I’m reminded by what’s going on over at Tyson Foods and Cargill these days of an ad campaign three decades ago.
Back in the mid-1980s Wendy’s debuted a T.V. commercial featuring three elderly ladies dining at the fictional “Home of the Big Bun” fast food restaurant.
Two of the ladies noted with some bemusement that the bun was oh so BIG. Inside was a minuscule hamburger patty.
The third lady – actress Clara Peller – asked the obvious… “Where’s the beef?”
Consumers may soon be asking that question – along with the even more problematic “Is it beef?” – should the two big ag companies get fledgling efforts to ramp up beef substitutes to a grocery store near you.
Last October Tyson Foods purchased a 5 percent stake in Beyond Meat, who’s self-disclosed mission is to “create mass-market solutions that perfectly replace animal protein with plant protein.”
Tyson CEO Tom Hayes can squint his eyes and see a future – perhaps not as far off as most of us might imagine – where plant protein sales could rival that of good old ranchers raising calves for slaughter:
“Plant-based protein is growing almost at this point, a little faster than animal-based, so I think the migration may continue in that direction.”
Tyson is gambling that meatless-meat will move beyond niche market appeal among fitness enthusiasts to the rest of us carnivores who rather park it on the couch and watch sports.
Nothing too controversial in Tyson’s plan: veggie-burgers and veggie-chicken for all.
But not to be outdone, Cargill took the next logical step in the alt-meat wild west with its investment into Memphis Meats, a start-up company dedicated to growing meat in the laboratory from self-reproducing animal cells.
Yup – Cargill is hoping you dear consumer will eat hamburgers that didn’t come from cattle.
The technology has the backing of some heavy hitters including Bill Gates and Richard Branson.
Cargill executive vice president Todd Hall says the hope is to give an ever increasingly finicky U.S. public options when it comes to protein consumption.
Cargill and Memphis Meats still have a lot of hoops to jump through before its cell-culturing process turns a profit.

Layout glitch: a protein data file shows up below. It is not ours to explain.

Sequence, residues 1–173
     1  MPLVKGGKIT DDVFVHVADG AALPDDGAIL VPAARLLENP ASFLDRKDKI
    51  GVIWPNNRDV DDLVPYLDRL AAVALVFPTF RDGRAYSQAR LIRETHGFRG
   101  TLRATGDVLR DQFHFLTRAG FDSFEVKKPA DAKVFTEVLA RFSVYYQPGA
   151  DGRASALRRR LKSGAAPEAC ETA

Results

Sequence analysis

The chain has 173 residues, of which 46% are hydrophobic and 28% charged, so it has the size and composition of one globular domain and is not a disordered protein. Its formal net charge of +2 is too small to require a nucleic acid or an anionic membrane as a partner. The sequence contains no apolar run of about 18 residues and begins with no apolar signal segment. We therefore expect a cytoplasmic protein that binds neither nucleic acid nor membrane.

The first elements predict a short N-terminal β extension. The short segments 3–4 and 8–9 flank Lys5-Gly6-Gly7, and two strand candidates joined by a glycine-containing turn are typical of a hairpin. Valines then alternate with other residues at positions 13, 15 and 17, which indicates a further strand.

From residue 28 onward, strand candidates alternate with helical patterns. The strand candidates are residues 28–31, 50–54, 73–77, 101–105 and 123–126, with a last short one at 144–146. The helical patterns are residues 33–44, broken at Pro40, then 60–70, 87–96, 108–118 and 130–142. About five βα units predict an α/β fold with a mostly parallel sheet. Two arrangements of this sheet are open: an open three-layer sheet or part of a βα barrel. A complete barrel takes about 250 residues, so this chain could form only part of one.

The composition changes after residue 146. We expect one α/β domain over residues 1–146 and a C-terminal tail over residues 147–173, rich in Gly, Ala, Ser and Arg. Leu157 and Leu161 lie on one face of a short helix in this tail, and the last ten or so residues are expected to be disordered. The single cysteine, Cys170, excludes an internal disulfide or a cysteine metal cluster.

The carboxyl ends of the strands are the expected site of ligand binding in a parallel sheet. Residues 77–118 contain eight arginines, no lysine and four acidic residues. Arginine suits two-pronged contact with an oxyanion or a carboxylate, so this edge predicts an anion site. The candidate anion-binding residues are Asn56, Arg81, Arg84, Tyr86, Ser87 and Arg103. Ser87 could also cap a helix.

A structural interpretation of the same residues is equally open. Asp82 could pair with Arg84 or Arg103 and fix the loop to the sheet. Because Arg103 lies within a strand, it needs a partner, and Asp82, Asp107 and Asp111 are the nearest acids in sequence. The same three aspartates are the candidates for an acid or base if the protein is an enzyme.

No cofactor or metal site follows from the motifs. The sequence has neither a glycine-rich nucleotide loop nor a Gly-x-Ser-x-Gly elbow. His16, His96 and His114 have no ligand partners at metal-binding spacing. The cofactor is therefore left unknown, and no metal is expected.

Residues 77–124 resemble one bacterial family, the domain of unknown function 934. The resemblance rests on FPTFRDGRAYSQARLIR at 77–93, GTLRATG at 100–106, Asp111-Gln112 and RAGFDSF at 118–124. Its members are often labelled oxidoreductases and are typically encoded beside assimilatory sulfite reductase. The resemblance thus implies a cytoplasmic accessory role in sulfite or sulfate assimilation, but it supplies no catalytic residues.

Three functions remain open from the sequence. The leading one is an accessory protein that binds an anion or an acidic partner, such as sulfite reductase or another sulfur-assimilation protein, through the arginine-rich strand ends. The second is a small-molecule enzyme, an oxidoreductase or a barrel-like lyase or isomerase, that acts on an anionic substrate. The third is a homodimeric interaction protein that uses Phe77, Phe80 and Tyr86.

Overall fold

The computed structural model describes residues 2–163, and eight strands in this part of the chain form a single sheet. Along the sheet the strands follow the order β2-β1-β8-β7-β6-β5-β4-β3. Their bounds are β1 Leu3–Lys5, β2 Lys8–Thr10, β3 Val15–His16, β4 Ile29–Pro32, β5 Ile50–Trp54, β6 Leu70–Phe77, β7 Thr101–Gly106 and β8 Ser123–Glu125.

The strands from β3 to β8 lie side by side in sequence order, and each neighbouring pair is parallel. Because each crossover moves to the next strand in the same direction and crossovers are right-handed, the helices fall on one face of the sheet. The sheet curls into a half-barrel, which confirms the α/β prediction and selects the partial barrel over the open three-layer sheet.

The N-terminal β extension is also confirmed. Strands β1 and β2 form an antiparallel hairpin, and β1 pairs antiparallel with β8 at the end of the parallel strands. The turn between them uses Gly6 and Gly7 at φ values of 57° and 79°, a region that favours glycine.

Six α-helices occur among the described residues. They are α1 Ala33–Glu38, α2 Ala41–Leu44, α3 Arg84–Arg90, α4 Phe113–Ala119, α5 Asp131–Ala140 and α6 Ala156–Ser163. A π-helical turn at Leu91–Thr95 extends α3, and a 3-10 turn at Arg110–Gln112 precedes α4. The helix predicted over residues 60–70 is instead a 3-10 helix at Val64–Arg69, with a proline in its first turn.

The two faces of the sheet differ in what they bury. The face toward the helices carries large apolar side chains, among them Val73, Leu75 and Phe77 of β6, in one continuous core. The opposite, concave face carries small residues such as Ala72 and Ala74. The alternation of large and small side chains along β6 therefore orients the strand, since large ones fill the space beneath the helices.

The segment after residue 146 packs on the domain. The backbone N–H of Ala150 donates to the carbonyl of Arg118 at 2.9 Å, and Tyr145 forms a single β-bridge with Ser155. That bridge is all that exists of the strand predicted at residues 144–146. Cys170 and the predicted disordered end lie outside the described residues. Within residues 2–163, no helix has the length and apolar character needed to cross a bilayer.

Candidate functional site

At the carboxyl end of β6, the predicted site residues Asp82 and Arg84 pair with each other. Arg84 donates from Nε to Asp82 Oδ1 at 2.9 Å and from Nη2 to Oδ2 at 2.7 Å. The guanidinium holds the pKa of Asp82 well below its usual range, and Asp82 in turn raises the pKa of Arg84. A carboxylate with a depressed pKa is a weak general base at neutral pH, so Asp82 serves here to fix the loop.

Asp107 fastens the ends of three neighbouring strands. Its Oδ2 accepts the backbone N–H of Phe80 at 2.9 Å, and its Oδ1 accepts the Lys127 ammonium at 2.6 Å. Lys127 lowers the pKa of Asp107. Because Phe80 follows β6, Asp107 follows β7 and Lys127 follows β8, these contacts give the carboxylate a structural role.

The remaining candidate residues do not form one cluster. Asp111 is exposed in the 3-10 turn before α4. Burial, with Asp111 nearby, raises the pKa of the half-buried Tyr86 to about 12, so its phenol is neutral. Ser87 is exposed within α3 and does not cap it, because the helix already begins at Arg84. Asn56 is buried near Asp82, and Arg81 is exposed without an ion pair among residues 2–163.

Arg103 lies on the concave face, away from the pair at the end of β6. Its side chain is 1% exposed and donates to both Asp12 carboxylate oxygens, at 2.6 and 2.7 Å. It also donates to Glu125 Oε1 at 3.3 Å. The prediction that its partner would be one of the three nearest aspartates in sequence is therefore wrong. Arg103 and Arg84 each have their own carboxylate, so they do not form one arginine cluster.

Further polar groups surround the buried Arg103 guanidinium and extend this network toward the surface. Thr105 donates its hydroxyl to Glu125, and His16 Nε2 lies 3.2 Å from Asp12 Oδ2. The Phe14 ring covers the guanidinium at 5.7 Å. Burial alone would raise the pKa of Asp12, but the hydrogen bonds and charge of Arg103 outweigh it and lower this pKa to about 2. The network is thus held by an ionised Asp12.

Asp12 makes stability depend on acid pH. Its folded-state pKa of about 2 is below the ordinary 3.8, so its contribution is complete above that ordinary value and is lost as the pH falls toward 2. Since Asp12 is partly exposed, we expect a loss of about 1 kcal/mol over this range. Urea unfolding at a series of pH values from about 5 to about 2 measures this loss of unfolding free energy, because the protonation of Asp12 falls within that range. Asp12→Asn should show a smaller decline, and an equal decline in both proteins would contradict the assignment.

The U.S. Food and Drug Administration and well as the USDA will need to figure out whether the process is safe for human consumption.
Then there will be a massive debate over whether or not it’s meat in the traditional sense, and if not, what labels should read.
Not to mention wooing what probably will be a large segment of the U.S. population gravitating toward “natural” foods free from genetic modification and artificial ingredients, and who might skeptically ask “Where’s the beef?”
It’s an uphill battle to be sure.
In the short term, Tyson Foods probably has the inside track with a more proven, non- controversial approach. But long term, I wouldn’t bet against Cargill, despite all the challenges.
The world population continues to expand and could reach almost 10 billion people by 2050. Diets are changing with greater preference toward beef and proteins.
And the United Nations Food and Agriculture Organization estimates that some 30 percent of ice-free land on the planet is currently used in livestock production.
So clearly something has to give.
Traditional cattle production will one day not be enough to feed a demanding world population.
About Dave Dickey
Dickey spent nearly 30 years at University of Illinois at Urbana-Champaign’s NPR member station WILL-AM 580 where he won a dozen Associated Press awards for his reporting. For 13 years, he directed Illinois Public Media’s agriculture programming. His weekly column for Big Ag Watch covers agriculture and related issues including politics, government, environment and labor. Email him at email@example.com.
This column reflects the writer’s own opinions and not those of Big Ag Watch.